Here’s a bit of advice to Republican members of Congress, including Maryland’s own Rep. Andy Harris: Don’t be so quick to embrace the alternative fact that President Donald Trump’s interactions with the president of Ukraine can’t possibly represent an impeachable offense and threat to national security. The whistleblower’s complaint has not only been reinforced by the partial transcript (or perhaps more accurately, reconstruction) of a July 25 telephone call released publicly this week but also by the Inspector General of the Intelligence Community who considered it credible and urgent. Those are labels supported Thursday by acting Director of National Intelligence Joseph Maguire during his testimony before the House Intelligence Committee.
The IG and DNI are not Democratic shills. These aren’t partisan hacks. These are career public servants who have labored for Democratic and Republican administrations alike, and they can see something wrong with possibly strong-arming another country to serve personal political agendas and then attempting to cover it up. Americans have come to expect obfuscation from President Trump, who seems to have a reflexive “witch hunt” button on his Twitter account. And while it’s fair to suggest that, despite the president’s well-established pattern of a “l'état, c’est moi” approach to foreign policy, he’s innocent until proven guilty, the “hear no evil, see no evil” GOP crowd may find themselves on quite a limb the way things are going.
And that’s as of Day 2 of the impeachment inquiry announced Tuesday by House Speaker Nancy Pelosi. Good luck with those talking points, Rep. Devin Nunes and fellow White House shills who think looking into possible wrongdoing is a “charade” or “unhinged.” As at least one level-headed Republican observed, there’s “lots very troubling” in the whistleblower complaint and the phone call with Volodymyr Zelensky. That was Nebraska Sen. Ben Sasse, whom Mr. Trump has already endorsed for reelection, incidentally.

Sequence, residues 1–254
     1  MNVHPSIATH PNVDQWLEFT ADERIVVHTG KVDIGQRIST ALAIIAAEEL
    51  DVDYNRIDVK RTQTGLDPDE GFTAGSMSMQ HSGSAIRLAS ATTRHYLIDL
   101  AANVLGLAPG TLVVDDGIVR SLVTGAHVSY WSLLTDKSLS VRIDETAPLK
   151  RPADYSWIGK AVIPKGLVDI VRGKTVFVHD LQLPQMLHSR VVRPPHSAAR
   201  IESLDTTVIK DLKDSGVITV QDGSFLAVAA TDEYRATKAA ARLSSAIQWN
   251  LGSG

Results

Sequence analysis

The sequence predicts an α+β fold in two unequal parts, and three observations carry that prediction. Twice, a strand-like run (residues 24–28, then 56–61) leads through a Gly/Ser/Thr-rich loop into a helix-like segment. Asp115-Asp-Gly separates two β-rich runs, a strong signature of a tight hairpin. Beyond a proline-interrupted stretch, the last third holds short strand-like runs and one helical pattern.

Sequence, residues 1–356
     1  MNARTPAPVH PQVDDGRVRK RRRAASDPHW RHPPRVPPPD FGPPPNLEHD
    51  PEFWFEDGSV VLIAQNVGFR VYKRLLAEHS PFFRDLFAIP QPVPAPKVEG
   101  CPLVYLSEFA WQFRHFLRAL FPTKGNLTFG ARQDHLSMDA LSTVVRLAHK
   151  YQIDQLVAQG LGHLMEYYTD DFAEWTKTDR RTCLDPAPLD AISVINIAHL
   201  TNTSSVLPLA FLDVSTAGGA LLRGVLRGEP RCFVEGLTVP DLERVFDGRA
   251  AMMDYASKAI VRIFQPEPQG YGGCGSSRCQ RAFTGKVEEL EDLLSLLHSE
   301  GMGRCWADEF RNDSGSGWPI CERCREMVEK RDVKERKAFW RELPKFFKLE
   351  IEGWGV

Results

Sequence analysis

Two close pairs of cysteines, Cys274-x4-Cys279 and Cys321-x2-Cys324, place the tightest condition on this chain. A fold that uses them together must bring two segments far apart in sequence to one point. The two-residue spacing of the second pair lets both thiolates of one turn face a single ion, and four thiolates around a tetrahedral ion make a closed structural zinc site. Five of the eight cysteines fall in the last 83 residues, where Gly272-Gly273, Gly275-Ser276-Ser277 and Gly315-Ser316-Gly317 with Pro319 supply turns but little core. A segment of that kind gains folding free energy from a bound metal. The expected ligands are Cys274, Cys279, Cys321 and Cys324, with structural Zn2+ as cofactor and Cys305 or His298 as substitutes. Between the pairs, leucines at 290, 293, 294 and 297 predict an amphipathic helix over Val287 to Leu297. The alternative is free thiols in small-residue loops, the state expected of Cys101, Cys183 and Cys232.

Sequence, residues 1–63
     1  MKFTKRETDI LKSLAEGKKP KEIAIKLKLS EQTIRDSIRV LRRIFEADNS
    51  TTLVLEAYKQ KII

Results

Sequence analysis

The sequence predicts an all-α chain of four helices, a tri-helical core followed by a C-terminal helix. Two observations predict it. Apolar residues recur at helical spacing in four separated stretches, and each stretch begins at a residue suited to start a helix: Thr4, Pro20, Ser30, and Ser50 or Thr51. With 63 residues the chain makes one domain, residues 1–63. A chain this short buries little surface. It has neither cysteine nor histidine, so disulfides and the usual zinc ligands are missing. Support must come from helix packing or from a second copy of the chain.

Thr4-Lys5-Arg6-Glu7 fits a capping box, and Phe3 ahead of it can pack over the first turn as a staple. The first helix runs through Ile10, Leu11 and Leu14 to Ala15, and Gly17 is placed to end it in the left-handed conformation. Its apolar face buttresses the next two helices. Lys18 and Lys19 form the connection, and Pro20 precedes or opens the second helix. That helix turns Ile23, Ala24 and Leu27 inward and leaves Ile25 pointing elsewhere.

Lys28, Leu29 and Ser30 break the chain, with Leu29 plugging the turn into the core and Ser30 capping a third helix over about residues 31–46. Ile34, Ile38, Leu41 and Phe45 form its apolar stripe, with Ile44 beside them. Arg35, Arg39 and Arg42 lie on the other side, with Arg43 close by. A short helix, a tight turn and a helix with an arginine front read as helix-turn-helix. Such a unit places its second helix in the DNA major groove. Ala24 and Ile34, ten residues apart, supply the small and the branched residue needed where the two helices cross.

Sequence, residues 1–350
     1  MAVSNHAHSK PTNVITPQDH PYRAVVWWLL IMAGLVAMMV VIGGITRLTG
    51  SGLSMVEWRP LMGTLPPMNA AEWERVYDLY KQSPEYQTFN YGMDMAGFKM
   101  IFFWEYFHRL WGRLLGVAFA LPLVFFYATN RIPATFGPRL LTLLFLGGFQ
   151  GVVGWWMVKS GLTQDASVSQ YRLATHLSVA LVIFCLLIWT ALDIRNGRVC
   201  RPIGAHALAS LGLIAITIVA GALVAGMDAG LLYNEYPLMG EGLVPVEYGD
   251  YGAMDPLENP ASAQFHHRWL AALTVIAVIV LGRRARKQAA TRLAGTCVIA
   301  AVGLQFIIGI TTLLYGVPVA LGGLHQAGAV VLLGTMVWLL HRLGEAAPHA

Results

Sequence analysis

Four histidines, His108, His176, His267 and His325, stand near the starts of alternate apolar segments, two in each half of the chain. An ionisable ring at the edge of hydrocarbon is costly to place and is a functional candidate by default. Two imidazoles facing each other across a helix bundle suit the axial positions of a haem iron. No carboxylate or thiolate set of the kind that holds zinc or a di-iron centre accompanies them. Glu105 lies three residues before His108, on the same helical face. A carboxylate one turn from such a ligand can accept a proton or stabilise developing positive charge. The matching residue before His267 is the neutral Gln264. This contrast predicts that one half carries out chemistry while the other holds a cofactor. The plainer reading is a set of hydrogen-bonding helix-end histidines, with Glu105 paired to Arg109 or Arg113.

Contrast the senator’s reasonable assessment with that of Maryland’s Andy Harris, who claims to have read the memo detailing the phone conversation and sees nothing wrong whatsoever. In fact, when asked point blank on National Public Radio on Wednesday whether anything in the memo concerns him, the congressman’s immediate response was “No, to be honest with you.” Nice choice of words, congressman. Apparently, the whole business about asking for a “favor,” from the Ukrainian leader or wanting him to deal with his lawyer/mouthpiece Rudolph Giuliani (instead of, you know, the State Department) and for Mr. Zelensky to back an investigation of former Vice President Joe Biden and his son is a trifle. It goes without saying that Mr. Biden is a leading contender to replace Mr. Trump in 2020. See any problems here?
"I don't know what this is all about except the ongoing desire to continue any investigation into the president to determine a crime to be determined later."
Granted, there is no shortage of elected Democrats who dislike the current president. But the U.S. can’t continually operate like the nation’s laws don’t matter and it’s just one gang against another and we all have to choose sides. In reality, Mr. Trump likes to have other countries on his political bandwagon whether it’s Russia, North Korea (Kim Jong Un’s mocking of Mr. Biden as a “fool of low IQ” was quite a hit with the president), China or Saudi Arabia. Donald Trump is just a circular ornament headdress away from declaring himself a monarch. Much of his self-above-all approach to leadership is questionable, but the Ukraine matter may have crossed a serious legal line.
Sometimes, we find this administration’s “alternative facts” approach to reality avoidance amusing. Often, it comes across as childish and simple-minded. But this is one of those instances when Mr. Trump’s predictable response — deny the facts, blame the media, attack critics, make false comparisons, fog things up and repeat — is more than tiresome. We’ll say this much for Speaker Pelosi and the Democrats. It’s not clear that an impeachment inquiry works for them politically. A two-thirds vote in the Senate to convict appears as likely as an Orioles appearance in a World Series despite their mathematical elimination from the playoffs. But the Democrats saw possible wrongdoing and recognized that impeachment needed to be on the table.
In a different era, Maryland Rep. Larry Hogan Sr. voted for all three articles of impeachment against then-President Richard Nixon, the only Republican on the House Judiciary Committee to do so, despite White House pressure. Those charges included abuse of power and obstruction of justice. Forty-five years later, it’s difficult to imagine any Republican in the House having as clear a vision of right and wrong as the late father of Maryland’s current governor. And that all-too-apparent lack of courage and conviction might be the most depressing aspect of this latest revelation.